The relationship between magnesium and health is widely studied because of the importance of this essential nutrient in many body functions and the prevention of chronic diseases.
What is magnesium?
Magnesium is a mineral involved as a cofactor in many processes within the body, including metabolic functions (energy production, glucose breakdown, protein synthesis, RNA and DNA synthesis), bone development, immune and neuromuscular function (1, 2, 3). It’s also involved in the balance of calcium, sodium, potassium and antioxidants (1, 2, 4).
The total amount of magnesium in an adult is about 25 grams, of which 50-60% is located in the bones (1, 3) and about 0.3% in serum (2). This places magnesium as the fourth most abundant mineral in the body (2, 5).
The actual amount of magnesium in the body is dictated by how much is absorbed in the small intestine and how much is excreted in urine (1, 6). Absorption rates range from 24% to 76% (6) depending on the variety of factors, including the amount that is ingested (absorption increases when ingestion is low to keep levels up) and vitamin D status (1, 6). On the flip side, magnesium excretion is regulated to some extent by hormones such as oestrogen and parathyroid (6). In addition, there is an exchange of the magnesium stored in bones (1).
Recommended daily intake of magnesium
In Australia, the recommended daily intake (RDI) is (7):
|Age group||Males RDI (mg/day)||Females RDI (mg/day)|
|1-3 years old||80||80|
|9-13 years old||240||240|
|14-18 years old||410||360|
|19-30 years old||400||310|
|31-50 years old||420||320|
|51-70 years old||420||320|
|>70 years old||420||320|
Sources of magnesium
Food sources of magnesium include fruits (e.g. dried fruits and bananas), vegetables (e.g. sundried tomatoes, spinach, seaweed, rocket, okra, kale, snow peas), whole grains (e.g. wheat bran and germ, uncooked oats, wholemeal or mixed grain breads, and cooked brown rice, quinoa, spelt, buckwheat, barley and millet), legumes (e.g. tofu, cooked or canned haricot beans, red kidney and lima beans, cooked or canned chickpeas), nuts (e.g. Brazil nuts, almonds, cashews, pine nuts, peanuts, peanut butter, hazelnuts, walnuts, pecans, pistachios and macadamias – note that some of these are not true nuts), seeds (e.g. pumpkin, linseed/flaxseed, sunflower, poppy, chia, tahini), some cheeses (e.g. Parmesan, Edam, cheddar, mozzarella, firm goat cheese), meat (e.g. chicken breast, veal, pork medallions/loin/rump steaks, lamb chops, mutton), seafood (e.g. oysters, mussels, abalone, anchovies, tuna, prawn, sardines, lobster, squid, snapper, trout, basa, tilapia, scallops, barramundi) and fortified foods (e.g. breakfast cereals) (1, 2, 5, 6, 8). It can also be found in tap and some mineral waters (1, 6). However, food processing reduces magnesium bioavailability (2, 6).
Magnesium supplements come in either oral, intravenous or topical/intradermal forms (2). Oral supplements can be inorganic (e.g. oxide, sulphate) or organic (e.g. aspartate, citrate, lactate, chloride, orotate, taurate), which have better absorption (2, 5, 6). Topical and intradermal forms include magnesium oil and bath salts, which are thought to be absorbed through skin (2).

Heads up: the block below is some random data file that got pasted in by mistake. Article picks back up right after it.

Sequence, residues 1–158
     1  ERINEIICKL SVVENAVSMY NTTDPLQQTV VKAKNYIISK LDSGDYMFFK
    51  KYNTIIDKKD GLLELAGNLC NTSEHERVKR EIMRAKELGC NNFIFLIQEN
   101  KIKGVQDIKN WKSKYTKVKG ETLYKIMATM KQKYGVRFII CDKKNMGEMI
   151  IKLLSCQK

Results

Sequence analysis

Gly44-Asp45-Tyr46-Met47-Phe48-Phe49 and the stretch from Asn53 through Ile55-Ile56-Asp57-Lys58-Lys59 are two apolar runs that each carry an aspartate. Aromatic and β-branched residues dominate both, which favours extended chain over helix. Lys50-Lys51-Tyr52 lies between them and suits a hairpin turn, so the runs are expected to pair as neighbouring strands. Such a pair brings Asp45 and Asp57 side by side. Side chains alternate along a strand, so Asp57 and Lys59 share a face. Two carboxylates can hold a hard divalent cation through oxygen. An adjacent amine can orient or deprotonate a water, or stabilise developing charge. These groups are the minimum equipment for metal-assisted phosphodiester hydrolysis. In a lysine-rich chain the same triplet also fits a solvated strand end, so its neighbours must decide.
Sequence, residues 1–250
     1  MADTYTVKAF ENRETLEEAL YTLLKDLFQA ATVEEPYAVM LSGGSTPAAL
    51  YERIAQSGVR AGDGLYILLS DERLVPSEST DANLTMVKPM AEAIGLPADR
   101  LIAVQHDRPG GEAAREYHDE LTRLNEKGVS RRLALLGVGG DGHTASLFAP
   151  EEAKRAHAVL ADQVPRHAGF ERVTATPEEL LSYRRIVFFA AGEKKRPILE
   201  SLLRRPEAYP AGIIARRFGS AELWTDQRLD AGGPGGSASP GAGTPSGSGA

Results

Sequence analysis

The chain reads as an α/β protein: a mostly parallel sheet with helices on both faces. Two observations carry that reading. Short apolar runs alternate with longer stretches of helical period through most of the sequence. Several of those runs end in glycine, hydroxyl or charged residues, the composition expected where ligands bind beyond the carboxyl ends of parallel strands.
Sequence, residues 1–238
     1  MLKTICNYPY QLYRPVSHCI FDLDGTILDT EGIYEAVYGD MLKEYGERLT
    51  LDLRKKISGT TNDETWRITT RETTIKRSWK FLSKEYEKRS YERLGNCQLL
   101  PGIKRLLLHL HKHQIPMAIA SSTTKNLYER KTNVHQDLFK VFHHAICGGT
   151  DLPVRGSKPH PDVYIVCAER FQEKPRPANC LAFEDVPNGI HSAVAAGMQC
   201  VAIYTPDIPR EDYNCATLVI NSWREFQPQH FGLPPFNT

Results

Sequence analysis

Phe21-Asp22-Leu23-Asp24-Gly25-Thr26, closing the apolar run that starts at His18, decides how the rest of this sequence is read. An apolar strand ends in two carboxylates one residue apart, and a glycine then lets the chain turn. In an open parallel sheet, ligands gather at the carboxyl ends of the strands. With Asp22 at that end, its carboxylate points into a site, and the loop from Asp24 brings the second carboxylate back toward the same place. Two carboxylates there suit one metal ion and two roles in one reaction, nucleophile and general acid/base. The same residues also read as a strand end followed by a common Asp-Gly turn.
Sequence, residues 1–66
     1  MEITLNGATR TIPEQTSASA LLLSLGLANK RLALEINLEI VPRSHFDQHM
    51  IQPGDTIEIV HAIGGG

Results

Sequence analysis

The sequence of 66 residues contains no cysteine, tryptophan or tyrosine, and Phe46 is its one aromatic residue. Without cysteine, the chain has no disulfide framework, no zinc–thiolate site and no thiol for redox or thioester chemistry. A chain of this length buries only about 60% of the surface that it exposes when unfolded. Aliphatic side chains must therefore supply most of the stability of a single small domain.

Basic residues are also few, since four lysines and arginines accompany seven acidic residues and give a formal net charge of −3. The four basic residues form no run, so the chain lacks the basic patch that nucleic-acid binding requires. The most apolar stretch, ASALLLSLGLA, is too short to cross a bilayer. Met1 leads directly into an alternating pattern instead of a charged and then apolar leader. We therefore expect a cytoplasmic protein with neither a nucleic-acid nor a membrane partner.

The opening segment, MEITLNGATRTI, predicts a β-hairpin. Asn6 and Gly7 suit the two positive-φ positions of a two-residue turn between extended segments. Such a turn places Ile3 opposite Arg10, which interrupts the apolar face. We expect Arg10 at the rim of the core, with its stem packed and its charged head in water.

Oral supplements can cause gastrointestinal symptoms such as diarrhoea, nausea and vomiting (6).
Magnesium intake in Australia
As seen in my previous post nutrient reference values vs nutrient intake in Australia, only children 2-13 years old met the RDI for magnesium. This highlights the fact that most Australians are not eating enough whole foods, which are rich in this mineral (data from 9).
Even though serum magnesium is the most common metric, it doesn’t necessarily reflect true levels in the body (2, 3, 5, 6). Instead, other tests such as levels in red blood cells (2, 3), ionized magnesium and magnesium loading (3, 6) seem to be more accurate.
Magnesium deficiency in healthy individuals is not common but it can happen. Some causes include low intake, conditions that compromise absorption through the gut (such as chronic diarrhoea, Chron’s disease, Coeliac disease), alcoholism and the use of some medications including diuretics, antacids and proton pump inhibitors. Symptoms of deficiency are non-specific and may include loss of appetite, nausea, vomiting, lethargy, fatigue weakness, muscle cramps, tremors, muscle spasms and cardiac arrhythmia (1, 6).
Hypermagnesemia or excess magnesium is rare and usually happens in patients with renal insufficiency who take supplemental magnesium. Too much magnesium can cause non-specific symptoms such as nausea, vomiting, lethargy and headaches, and can lead to death (1).
Magnesium and health
Diabetes and metabolic syndrome
Magnesium is important for glucose and insulin metabolism. The intake of magnesium-rich foods is inversely associated with risk and incidence of type-2 diabetes and the metabolic syndrome (5, 6). In addition, magnesium supplementation may improve insulin sensitivity (3, 6).
Vitamin D deficiency